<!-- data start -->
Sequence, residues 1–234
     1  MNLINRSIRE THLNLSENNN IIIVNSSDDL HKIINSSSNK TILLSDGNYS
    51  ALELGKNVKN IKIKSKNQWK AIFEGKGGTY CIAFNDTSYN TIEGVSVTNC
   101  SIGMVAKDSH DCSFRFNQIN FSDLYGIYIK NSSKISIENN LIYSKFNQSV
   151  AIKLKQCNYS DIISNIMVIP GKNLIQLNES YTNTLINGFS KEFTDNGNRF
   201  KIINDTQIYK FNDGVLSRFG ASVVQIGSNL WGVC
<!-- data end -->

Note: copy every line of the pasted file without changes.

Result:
Sequence, residues 1–234
     1  MNLINRSIRE THLNLSENNN IIIVNSSDDL HKIINSSSNK TILLSDGNYS
    51  ALELGKNVKN IKIKSKNQWK AIFEGKGGTY CIAFNDTSYN TIEGVSVTNC
   101  SIGMVAKDSH DCSFRFNQIN FSDLYGIYIK NSSKISIENN LIYSKFNQSV
   151  AIKLKQCNYS DIISNIMVIP GKNLIQLNES YTNTLINGFS KEFTDNGNRF
   201  KIINDTQIYK FNDGVLSRFG ASVVQIGSNL WGVC